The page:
The writer Jenny Erpenbeck (56) has been awarded the international Stefan Heym Prize. The board of trustees justified its decision by Erpenbeck critically dealing with explosive and current socio-political issues and presenting them in a clear and understandable literary language. The prize awarded on Saturday evening in the Chemnitz Opera House is endowed with 20,000 euros.
In her work, the writer repeatedly brings her East German past and experience of reunification into the literary and social discourse. This is how she keeps the conversation and the efforts at understanding between East and West alive, it was said. "We need people who use written and spoken words to stimulate thought for the values of our society," said Minister of Social Affairs Petra Köpping (SPD) at the award ceremony.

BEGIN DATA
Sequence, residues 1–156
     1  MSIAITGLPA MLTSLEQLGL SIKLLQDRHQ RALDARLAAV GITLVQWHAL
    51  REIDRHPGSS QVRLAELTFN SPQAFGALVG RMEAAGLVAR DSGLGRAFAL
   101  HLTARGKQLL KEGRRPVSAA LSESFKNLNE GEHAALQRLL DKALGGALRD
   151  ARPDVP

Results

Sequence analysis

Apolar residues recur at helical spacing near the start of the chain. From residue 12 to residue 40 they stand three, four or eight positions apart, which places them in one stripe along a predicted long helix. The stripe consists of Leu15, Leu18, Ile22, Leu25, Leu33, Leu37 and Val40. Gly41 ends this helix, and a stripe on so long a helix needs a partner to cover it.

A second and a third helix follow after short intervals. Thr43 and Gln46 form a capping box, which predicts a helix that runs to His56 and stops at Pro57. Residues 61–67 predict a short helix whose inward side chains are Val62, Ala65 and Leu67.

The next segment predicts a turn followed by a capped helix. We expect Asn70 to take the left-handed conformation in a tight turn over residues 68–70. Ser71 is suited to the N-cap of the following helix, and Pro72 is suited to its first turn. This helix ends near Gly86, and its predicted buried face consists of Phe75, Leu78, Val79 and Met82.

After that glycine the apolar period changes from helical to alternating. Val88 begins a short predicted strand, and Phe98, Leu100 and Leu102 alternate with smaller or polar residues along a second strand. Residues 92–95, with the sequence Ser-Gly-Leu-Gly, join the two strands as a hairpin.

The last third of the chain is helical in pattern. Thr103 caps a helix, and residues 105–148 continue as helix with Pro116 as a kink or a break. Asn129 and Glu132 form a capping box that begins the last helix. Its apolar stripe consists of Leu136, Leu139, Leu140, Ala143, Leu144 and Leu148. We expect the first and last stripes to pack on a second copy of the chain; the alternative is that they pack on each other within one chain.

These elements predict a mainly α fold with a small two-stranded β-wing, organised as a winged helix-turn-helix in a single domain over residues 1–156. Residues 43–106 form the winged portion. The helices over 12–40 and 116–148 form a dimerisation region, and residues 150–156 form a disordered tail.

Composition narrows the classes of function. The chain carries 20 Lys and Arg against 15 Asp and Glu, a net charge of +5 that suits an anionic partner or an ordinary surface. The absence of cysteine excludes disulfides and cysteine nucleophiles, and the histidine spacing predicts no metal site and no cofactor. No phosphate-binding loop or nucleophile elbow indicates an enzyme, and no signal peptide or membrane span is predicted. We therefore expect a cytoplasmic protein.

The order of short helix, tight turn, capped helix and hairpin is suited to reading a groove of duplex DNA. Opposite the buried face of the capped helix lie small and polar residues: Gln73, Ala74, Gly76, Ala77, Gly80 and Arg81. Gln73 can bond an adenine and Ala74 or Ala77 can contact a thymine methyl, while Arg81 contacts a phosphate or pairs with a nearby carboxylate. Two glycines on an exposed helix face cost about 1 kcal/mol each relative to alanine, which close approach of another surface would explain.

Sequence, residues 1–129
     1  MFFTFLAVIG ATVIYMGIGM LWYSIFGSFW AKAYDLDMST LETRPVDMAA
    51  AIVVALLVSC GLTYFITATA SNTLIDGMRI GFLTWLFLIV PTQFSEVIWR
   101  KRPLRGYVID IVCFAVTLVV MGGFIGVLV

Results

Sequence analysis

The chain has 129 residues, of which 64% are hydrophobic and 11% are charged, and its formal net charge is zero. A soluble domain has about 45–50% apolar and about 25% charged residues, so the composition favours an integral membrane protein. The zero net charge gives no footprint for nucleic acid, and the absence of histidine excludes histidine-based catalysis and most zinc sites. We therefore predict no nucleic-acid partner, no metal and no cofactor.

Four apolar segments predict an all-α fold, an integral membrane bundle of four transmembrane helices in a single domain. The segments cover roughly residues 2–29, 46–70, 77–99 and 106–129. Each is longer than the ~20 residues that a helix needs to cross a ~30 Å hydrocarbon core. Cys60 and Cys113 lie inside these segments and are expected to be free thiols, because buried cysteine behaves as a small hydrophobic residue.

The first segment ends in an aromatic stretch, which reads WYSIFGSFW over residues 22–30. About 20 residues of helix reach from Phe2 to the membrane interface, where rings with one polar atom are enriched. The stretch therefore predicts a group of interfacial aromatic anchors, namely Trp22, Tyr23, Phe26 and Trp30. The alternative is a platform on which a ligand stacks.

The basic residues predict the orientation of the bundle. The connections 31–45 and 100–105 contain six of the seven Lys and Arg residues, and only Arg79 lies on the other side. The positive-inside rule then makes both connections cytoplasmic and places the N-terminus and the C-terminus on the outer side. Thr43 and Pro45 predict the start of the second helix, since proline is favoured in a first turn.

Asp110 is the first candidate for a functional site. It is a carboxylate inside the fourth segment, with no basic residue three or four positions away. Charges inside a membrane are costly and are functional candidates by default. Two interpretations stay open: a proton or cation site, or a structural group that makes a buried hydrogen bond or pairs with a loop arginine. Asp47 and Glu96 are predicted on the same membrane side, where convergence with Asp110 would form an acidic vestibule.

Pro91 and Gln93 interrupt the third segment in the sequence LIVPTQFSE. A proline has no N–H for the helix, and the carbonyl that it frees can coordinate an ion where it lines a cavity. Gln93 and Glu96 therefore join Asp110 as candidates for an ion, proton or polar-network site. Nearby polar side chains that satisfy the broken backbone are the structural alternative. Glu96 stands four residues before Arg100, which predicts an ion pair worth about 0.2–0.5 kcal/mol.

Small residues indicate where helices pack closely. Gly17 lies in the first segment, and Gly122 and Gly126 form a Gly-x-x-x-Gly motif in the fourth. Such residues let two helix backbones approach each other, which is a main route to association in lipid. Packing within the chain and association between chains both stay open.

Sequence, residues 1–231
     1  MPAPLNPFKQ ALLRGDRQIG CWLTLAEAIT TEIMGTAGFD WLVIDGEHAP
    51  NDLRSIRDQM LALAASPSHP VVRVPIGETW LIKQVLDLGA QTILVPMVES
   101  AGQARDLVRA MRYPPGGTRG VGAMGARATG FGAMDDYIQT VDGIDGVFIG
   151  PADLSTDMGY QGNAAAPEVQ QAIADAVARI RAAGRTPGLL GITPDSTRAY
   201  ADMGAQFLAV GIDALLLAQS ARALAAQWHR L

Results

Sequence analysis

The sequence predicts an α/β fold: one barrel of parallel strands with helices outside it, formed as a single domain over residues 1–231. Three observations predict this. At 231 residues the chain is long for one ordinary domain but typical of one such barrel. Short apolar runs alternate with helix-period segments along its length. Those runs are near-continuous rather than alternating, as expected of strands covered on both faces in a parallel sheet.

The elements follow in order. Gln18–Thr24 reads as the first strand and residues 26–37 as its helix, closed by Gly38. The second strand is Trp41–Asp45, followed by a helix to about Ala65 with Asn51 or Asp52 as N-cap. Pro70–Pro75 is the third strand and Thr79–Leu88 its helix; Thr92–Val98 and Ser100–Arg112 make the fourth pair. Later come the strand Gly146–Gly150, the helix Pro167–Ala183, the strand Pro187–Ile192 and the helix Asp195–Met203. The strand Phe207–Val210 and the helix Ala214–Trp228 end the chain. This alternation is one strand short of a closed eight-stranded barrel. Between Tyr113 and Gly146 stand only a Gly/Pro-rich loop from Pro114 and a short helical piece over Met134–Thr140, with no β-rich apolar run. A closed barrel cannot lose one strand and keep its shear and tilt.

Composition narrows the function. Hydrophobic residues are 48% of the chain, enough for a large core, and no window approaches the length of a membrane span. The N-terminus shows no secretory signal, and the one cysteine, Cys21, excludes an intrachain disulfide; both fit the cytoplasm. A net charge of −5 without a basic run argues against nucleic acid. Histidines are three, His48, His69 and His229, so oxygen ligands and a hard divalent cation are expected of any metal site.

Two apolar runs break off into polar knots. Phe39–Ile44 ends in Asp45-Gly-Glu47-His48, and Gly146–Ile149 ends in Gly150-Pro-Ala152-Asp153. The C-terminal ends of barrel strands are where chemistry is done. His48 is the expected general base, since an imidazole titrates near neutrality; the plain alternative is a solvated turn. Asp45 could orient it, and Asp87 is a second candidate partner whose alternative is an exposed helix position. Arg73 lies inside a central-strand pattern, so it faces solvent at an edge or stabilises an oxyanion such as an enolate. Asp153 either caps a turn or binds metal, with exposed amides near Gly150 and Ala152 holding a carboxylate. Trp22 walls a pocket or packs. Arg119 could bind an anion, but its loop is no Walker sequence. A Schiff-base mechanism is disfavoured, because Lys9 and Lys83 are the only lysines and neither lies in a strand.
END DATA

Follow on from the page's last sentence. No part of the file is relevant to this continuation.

Erpenbeck was born in East Berlin in 1967. The board of trustees explained the award of the prize as the focus of their work is the critical reflection of contemporary society with its historical and cultural references. The writer does not use literature as a "moral club", but understands it as a medium, in the spirit of Heym, which gives the reader food for thought in the best sense of the word.
The award commemorates the Chemnitz-born writer Stefan Heym (1913-2001) and has been awarded since 2008. Previous winners have included Amos Oz, Bora Cosic and Christoph Hein.
Erpenbeck's works have been translated into more than 30 languages. She penned novels such as "The Visitation", "All Days Evening" and "Kairos". Her work also found its way onto the theater stage. "Visitation" celebrated its premiere in a stage adaptation in Gera in 2010. It tells about 100 years of German history based on a house on a lake in Brandenburg and its inhabitants.
Vita Jenny Erpenbeck